Covid-19 Vaccine

Connecticut Doctor Accused of Providing Fake COVID-19 Exemptions Surrenders License

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A Durham doctor accused of signing fake COVID-19 exemption forms for patients voluntarily surrendered her medical license Friday.

The Connecticut Medical Examining Board suspended Dr. Sue McIntosh's license last week.

The Department of Public Health received an anonymous complaint accusing McIntosh of providing fraudulent coronavirus vaccine exemption forms through the mail, as well as exemption forms for general vaccines, COVID-19 testing, and requirements to wear face masks, officials said.

Mcintosh allegedly provided this documentation without ever seeing her patients and the paperwork was sent to anyone who provided a self-addressed stamped envelope to her, the DPH said.

“The results of this investigation send a strong message that Dr. Mcintosh’s actions are totally unacceptable,” said DPH Commissioner Manisha Juthani, MD. “I commend the staff of our Practitioner Licensing and Investigations Section for their due diligence initiating this investigation and for their dedication to the health and safety of our residents.”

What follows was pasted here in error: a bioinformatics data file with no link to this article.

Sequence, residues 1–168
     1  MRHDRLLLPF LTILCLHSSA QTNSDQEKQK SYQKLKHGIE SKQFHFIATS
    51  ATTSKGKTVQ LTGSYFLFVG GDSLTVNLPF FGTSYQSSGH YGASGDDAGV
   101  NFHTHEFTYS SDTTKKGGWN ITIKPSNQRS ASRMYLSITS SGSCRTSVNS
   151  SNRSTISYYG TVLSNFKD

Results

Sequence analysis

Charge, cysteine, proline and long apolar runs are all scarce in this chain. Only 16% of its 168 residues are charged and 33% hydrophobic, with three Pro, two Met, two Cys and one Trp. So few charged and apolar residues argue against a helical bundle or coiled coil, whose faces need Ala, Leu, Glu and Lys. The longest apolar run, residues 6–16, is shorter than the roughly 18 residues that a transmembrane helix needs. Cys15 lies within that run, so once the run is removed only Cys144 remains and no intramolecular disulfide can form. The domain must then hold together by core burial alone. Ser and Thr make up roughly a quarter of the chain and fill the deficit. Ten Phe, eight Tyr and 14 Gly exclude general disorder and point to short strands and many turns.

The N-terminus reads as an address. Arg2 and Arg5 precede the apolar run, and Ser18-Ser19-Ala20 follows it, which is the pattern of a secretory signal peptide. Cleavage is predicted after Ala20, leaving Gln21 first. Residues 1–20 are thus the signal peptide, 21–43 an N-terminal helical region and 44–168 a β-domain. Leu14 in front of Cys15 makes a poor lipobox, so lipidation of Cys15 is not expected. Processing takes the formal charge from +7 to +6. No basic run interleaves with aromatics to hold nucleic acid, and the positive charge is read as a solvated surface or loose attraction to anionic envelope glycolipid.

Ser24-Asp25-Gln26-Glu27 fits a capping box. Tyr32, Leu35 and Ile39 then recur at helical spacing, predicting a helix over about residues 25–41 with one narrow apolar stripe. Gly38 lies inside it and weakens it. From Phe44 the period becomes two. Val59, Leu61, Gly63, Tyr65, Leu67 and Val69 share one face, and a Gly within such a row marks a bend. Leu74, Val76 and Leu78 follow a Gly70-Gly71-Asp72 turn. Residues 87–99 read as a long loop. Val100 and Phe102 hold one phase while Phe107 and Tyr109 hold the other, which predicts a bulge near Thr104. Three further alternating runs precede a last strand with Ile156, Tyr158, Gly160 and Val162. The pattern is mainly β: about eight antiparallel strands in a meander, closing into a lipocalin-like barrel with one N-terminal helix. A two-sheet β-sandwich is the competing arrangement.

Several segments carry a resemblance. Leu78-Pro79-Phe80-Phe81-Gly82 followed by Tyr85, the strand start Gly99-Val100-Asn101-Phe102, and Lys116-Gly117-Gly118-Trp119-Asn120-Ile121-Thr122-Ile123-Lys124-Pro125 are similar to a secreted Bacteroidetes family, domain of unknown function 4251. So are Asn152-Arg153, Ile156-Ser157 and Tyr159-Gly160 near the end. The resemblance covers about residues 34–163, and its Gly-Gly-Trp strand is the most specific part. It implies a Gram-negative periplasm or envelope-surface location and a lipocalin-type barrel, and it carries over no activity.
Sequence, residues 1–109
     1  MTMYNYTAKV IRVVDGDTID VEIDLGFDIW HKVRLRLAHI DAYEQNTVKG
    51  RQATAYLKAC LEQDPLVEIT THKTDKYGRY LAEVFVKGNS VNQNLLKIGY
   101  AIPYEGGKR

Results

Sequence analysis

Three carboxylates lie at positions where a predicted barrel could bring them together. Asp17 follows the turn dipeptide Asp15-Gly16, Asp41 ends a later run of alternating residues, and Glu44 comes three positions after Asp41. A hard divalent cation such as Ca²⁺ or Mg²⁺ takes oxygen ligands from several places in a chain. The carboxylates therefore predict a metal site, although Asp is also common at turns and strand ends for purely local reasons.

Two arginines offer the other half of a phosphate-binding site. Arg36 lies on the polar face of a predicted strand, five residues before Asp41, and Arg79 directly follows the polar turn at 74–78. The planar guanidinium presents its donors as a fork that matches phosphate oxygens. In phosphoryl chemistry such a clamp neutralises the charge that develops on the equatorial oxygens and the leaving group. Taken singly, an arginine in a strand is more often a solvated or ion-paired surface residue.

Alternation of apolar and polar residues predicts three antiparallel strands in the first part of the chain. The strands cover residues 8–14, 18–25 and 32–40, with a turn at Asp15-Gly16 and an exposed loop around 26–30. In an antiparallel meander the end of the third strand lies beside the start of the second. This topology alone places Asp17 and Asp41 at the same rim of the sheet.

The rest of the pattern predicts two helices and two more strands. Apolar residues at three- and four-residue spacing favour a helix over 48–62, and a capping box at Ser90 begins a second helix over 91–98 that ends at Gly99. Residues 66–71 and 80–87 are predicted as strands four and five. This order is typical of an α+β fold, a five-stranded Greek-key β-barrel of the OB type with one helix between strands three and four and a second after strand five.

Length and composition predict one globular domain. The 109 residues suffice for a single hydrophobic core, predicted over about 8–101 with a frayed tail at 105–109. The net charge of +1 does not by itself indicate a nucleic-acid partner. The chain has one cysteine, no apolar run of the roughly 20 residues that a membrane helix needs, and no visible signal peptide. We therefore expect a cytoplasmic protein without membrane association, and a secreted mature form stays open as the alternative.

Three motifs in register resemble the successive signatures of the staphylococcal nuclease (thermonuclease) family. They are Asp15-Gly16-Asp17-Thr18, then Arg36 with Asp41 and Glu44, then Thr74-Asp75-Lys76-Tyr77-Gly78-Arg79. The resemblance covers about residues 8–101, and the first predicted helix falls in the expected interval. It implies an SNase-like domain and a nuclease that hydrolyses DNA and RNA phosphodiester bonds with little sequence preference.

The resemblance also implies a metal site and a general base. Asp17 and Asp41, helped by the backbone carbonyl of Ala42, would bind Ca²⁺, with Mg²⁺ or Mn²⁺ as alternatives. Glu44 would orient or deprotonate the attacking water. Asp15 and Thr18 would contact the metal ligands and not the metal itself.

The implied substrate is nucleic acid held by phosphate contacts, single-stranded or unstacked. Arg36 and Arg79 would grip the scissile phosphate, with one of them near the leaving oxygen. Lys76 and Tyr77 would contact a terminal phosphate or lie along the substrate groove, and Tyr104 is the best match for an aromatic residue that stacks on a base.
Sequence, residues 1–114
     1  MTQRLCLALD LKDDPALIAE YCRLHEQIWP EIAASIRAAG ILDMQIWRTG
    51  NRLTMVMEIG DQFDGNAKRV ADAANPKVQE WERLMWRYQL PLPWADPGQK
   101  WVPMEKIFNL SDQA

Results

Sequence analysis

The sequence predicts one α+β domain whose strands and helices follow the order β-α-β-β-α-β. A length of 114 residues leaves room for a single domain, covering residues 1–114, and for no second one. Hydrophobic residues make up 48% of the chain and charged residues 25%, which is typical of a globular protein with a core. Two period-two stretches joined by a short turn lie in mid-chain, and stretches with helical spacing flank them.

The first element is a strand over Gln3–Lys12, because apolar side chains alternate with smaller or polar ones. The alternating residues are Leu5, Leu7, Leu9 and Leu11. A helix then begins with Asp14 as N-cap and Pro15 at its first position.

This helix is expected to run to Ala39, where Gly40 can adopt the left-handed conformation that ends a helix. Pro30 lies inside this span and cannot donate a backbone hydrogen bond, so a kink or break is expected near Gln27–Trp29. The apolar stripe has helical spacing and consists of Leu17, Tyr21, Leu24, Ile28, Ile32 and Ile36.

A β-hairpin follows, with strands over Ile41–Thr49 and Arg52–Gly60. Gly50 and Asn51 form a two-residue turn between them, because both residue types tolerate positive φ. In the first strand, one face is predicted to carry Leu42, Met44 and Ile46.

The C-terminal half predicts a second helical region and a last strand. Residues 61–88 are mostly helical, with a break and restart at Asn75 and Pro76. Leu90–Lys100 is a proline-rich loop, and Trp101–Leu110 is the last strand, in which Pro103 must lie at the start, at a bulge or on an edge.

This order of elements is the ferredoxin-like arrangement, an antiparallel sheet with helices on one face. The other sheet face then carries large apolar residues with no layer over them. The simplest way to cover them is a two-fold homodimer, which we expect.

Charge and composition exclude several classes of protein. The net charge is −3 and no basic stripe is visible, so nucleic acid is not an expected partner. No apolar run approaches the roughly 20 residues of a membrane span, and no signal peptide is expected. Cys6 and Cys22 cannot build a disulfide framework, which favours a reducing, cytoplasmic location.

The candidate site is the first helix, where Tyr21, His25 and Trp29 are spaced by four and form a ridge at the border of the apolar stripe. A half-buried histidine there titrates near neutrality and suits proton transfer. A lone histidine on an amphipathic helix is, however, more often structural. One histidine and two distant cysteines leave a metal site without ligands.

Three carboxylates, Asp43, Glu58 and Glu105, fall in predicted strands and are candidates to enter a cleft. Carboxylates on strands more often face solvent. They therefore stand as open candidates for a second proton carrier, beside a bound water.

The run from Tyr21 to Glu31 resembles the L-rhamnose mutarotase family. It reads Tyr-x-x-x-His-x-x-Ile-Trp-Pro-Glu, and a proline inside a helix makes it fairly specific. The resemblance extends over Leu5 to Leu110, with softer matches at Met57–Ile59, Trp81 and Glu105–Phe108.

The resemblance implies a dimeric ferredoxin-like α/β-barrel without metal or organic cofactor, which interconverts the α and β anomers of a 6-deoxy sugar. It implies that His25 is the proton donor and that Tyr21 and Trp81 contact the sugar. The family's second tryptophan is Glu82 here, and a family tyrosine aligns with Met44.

The surrender of McIntosh's license will be reported to the National Practitioner Data Bank. That agency, which has been in existence since 1986, is a tool that prevents practitioners from moving state to state without disclosing disciplinary actions in other states, according to the DPH.

Dr. McIntosh's case file may be referred to state and federal law enforcement, Dr. Juthani said.

All signed, blank exemption forms from Dr. McIntosh, including those given to people who were seeking medical exemptions under the governor's executive orders involving long-term care and state workers, state contractors, and schools are invalid, DPH said.

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